“We will charge you the cost of the book(s) that we download at your request. We think they really are handy for traveling.”

All these bookstores are promoting Google eBooks – In their stores, on their websites, in their email lists, and through the Press.

An Army of Still-Alive Booksellers

Out of nowhere an army of booksellers has risen to fight on behalf of Google. It’s an insane amount of publicity and exposure.

Here’s one store creating a digital petting zoo -

Gallery Bookshop & Bookwinkle’s Children’s Books in Mendocino, California, combined a petting zoo with a holiday party.

“We had a computer set up and were showing customers how to buy e-books from our website,” said owner Christie Olson Day.

“We also had preloaded books on an iPad, iPod Touch, Sony Reader, and laptop.”

This is just indie booksellers. It’ll be interesting to see how websites will promote Google eBooks. You have to wonder what impact it might have. If indie bookstores and website owners keep coming up with innovative ideas, there’s a possibility they will end up playing a big part in the eBook Wars.

Kindle might face serious competition next month – Google

It seems that the Kindle suddenly has to take on a new competitor - one that doesn’t even have an eReader to sell.

Thanks to Robert for the update -

Google Inc. is in the final stages of launching its long-awaited e-book retailing venture, Google Editions, a move that could shake up the way digital books are sold.The long-delayed venture—Google executives had said they hoped to launch this summer—recently has cleared several technical and legal hurdles, people close to the company say. It is set to debut in the U.S. by the end of the year and internationally in the first quarter of next year,

Original Article – Google Set to Launch eBook Venture.

If the article is right, and there’s no guarantee it is, Google has negotiated all the legal hurdles and is going to release Google Editions in the US in end 2010 and internationally in early 2011.

Kindle in Danger – The Huge Threat of Google Editions

Well, there are a few things about its newest competitor that should really worry Amazon -

  1. More Exposure – Every single search and video and map and email that has a reference to books will get a link to a Kindle Store competitor. More people will know about Google Editions than about Kindle Store.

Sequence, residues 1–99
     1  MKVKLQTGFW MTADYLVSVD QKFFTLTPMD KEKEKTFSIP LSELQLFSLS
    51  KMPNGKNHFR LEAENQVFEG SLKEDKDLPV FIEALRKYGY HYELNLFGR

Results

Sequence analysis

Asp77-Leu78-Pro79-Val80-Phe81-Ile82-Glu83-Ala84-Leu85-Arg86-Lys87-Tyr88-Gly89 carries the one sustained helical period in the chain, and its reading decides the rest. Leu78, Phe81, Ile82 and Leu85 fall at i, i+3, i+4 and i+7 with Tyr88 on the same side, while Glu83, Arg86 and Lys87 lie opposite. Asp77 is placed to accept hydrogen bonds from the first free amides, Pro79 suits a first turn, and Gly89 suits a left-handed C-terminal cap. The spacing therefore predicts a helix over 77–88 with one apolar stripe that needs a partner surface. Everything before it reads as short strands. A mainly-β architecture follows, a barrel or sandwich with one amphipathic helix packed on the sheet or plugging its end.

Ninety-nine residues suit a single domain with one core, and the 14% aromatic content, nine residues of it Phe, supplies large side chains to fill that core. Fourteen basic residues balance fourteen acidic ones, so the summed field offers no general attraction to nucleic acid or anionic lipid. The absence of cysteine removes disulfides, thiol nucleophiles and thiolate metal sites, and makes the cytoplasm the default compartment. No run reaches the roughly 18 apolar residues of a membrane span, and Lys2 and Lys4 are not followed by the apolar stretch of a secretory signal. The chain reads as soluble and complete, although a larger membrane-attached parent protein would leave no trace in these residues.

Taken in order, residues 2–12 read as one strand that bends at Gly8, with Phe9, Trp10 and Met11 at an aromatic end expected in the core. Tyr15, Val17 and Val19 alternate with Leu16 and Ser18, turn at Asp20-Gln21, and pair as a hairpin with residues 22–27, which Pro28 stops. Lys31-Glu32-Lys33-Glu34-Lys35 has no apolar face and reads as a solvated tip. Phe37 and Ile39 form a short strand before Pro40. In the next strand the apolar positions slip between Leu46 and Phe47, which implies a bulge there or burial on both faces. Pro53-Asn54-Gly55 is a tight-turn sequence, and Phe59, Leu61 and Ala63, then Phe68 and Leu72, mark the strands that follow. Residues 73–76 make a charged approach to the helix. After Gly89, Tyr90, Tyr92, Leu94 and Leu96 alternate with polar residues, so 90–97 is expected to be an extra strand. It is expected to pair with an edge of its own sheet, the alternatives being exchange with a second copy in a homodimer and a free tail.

2. More Exposure Part 2 - For some strange reason all the independent bookstores think they can get into the digital book market via Editions. It’s an interesting tie-up and it’ll give Google a ton of exposure with bibliophiles.
  3. Download-free reading – It’s a competitor that will offer books in the browser. It’s not clear how this will work – There’s a chance it might have some big advantages over downloading books.
  4. Every Device Works - It’s browser-based so it’ll work from every device. Plus users don’t have to download a special app.
  5. Use What You Have – Google may very well push the ‘you don’t have to buy a Kindle, just read on whatever device you already have’ angle.
  6. Across most eReaders – Google might tie up with each and every eReader company not named Amazon or B&N. Sony seems to be the prime candidate to hand over its book store channel to Google.
  7. Free of Amazon’s controls – Since its browser-based there’s no way Amazon can stop Kindle owners from buying and reading Google’s books. It might block sites over 3G but over WiFi it can’t do anything.
  8. Wider Range of Books – All signs point to Google having more books. No idea what’s going on with the big settlement but a decision might be close. It’ll be the first time a store will have more new ebooks available than Amazon.
  9. Possibly Lower Prices – It’s quite likely that Google will be super aggressive on pricing and will try to under-cut Amazon. Perhaps it’ll be via value (sharing, resale, something else), perhaps it’ll be just cheaper prices.
  10. More Money – Google will also be the first company selling ebooks that has larger cash reserves than Amazon. Please note that we’re not considering Apple because it isn’t really selling books seriously.
  11. Possibly Orphan Works – If the big book settlement goes through Google will have access to a huge store of Orphan Works.

It’s a huge danger for Amazon. It’ll be interesting to see what Mr. Bezos and the Kindle team do to counter it.

There are three vectors of attack that Amazon will have to defend against.

Three main threats to Amazon

The first main threat to Amazon is that lots of people will hear about Google Editions and at the same time not know about Kindle or that there are Kindle reading apps. A lot more people do searches and use Google than the Amazon main site. So a huge number of people are going to think ‘eBook = Google Editions’. This threat can’t be understated – If you aren’t even on the customer’s radar you have zero chance.

The second main threat to Amazon is that a large portion of casual readers are going to prefer books in their browser over the hassle of a custom reading app or a custom device. Amazon has prepared itself for this (they have a Kindle Book Preview in HTML feature they’ll expand into reading in the browser). However, the association of Kindle with a device you buy or a reading app you download is very strong. The path of least resistance is browser reading and Google gets a big edge because it becomes the ‘read in your browser’ option.